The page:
A reminder that as of Feb. 1, Walmart Inc. is the legal name for the retailer (and component of the Dow Jones Industrial Average) that has long been known as Wal-Mart Stores Inc. The company prefers the look of Walmart in the e-commerce era.
If this sounds anticlimactic, that is because the company has already been using Walmart on its signage. But the legal name of the company and the stock had remained Wal-Mart Stores, so that is how we had been referring to both. Some readers have thought we were spelling it incorrectly, but until a company legally changes its name, we stick with the original.
(Incidentally, for history buffs, the company says its formal legal name when it incorporated in 1969 was Wal-Mart Inc. It was changed to Wal-Mart Stores Inc. the next year, when the stock went public, and has stayed that way for 47 years—even though the stylized Walmart logo has been used since 2008.)
However, as of Feb. 1, all this becomes moot for this company. Walmart it is, whether referring to the company, the stock or a store.
Several financial exchanges have recently changed their names, or the names of units—reflecting the nonstop mergers among exchanges. Our explainers and footnotes in our stock-price tables have been updated.
● The CBOE, as we noted in the last issue of S&S, is now Cboe Global Markets (with no "the" since it is no longer an acronym), or just Cboe (pronounced see-bo) for short. Its options-trading unit, which had long been called the Chicago Board Options Exchange, is now Cboe Options Exchange, or just Cboe Options for short.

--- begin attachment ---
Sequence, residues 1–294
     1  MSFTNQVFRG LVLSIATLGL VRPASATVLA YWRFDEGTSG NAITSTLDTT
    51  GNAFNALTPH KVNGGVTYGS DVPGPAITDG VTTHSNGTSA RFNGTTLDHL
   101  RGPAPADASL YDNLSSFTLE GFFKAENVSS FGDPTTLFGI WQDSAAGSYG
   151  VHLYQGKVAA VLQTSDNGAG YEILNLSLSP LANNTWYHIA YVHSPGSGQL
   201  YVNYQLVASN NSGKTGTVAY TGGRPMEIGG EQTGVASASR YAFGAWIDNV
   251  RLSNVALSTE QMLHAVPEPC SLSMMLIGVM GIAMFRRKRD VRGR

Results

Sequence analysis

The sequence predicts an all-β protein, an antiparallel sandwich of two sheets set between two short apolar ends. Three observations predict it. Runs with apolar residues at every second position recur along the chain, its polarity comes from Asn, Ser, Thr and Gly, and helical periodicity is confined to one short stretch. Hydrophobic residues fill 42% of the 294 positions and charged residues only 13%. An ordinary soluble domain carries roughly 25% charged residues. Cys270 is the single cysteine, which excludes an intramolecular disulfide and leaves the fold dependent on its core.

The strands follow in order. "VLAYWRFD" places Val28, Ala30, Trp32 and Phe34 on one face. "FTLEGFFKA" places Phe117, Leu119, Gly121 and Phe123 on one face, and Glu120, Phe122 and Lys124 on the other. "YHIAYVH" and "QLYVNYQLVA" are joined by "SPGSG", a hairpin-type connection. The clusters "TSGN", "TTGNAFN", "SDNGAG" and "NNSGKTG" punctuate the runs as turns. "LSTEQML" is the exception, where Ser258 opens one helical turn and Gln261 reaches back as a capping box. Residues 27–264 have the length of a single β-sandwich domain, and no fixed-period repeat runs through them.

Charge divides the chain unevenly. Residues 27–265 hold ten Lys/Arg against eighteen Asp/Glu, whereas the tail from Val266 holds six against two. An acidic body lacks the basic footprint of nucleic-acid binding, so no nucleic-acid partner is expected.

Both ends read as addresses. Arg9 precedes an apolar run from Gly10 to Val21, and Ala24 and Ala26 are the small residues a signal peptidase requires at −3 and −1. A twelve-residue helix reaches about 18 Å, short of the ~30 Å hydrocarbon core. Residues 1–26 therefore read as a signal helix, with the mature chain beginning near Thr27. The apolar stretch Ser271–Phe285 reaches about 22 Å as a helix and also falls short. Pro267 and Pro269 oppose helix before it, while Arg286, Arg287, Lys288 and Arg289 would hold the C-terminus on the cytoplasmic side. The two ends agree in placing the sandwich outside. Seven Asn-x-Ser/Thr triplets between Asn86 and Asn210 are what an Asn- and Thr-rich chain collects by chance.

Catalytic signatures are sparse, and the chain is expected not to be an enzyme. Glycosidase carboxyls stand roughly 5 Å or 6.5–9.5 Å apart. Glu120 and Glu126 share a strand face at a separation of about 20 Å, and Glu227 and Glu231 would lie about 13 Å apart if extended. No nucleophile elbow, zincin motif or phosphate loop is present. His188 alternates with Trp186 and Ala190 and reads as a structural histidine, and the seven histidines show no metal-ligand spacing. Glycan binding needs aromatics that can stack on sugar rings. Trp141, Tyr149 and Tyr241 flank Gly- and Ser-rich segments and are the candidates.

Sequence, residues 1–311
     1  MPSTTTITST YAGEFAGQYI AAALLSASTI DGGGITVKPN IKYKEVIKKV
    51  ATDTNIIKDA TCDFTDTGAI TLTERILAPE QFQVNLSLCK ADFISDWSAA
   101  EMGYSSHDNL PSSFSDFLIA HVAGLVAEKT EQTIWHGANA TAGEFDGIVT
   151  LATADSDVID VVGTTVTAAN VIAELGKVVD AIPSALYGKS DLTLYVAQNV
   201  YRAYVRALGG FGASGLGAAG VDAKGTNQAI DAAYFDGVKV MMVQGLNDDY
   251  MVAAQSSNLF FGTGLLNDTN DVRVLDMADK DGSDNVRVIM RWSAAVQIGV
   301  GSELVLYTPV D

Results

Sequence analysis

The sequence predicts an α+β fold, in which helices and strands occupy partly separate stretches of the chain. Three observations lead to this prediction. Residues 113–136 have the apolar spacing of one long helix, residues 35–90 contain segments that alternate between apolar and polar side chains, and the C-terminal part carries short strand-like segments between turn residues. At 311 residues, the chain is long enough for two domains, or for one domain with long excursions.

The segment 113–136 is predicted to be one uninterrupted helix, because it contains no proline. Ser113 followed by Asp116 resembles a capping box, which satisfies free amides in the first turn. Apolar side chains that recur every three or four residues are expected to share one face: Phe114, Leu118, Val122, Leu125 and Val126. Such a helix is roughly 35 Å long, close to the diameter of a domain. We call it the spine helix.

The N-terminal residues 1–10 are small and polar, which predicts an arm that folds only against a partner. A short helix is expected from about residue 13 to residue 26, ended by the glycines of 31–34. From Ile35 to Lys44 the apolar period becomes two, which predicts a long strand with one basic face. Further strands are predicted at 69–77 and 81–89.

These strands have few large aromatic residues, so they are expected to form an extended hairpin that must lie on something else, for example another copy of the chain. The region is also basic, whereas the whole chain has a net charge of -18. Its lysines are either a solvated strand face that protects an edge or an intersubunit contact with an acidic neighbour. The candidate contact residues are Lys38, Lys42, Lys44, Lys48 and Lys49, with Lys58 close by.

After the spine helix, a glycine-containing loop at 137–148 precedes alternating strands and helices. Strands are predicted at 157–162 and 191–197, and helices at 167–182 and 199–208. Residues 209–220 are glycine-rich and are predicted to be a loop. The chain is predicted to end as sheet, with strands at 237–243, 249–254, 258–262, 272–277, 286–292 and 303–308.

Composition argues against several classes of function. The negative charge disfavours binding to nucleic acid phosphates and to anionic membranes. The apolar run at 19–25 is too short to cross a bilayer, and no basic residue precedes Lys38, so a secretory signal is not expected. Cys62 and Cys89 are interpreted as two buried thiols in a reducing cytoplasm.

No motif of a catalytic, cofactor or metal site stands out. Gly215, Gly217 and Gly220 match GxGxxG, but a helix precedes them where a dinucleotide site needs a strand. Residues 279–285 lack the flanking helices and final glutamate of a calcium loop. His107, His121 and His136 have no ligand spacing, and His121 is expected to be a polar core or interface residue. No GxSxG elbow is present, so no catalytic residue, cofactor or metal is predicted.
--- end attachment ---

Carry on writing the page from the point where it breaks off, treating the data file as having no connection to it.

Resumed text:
● There is no BATS or Bats, after its acquisition by Cboe. A stock-trading unit of Cboe that had been Bats BZX Exchange is now called BZX Equities.
● Nasdaq OMX BXSM, the former Boston Stock Exchange, is now Nasdaq BX.
● The National Stock Exchange is NYSE National.
● NYSE MKT is NYSE American (a nod to the old American Stock Exchange).
● ISE is now Nasdaq ISE.
A storm of hyperbole
Weather reporting has always slipped into overdone verbiage, but it seems to be getting worse. "Is it just me or has weather hyperbole overtaken the news business?" asks Executive Editor Matt Murray. The latest frightening term is "bomb cyclone," which forecasters and writers latched on to this week instead of a less-frightening term, such as severe winter storm. (Though it sounds like a weather war, "bomb" is simply short for bombogenesis, meaning a storm that rapidly intensifies.)
We are making the capitalization rule on God/gods clearer in the stylebook. Basically, if it is a reference to one actual God, spell it uppercase. Only lowercase for plural gods, expressions that refer to a metaphorical god, like "making money his god," and expressions that aren't actually about any god at all, like "god-awful."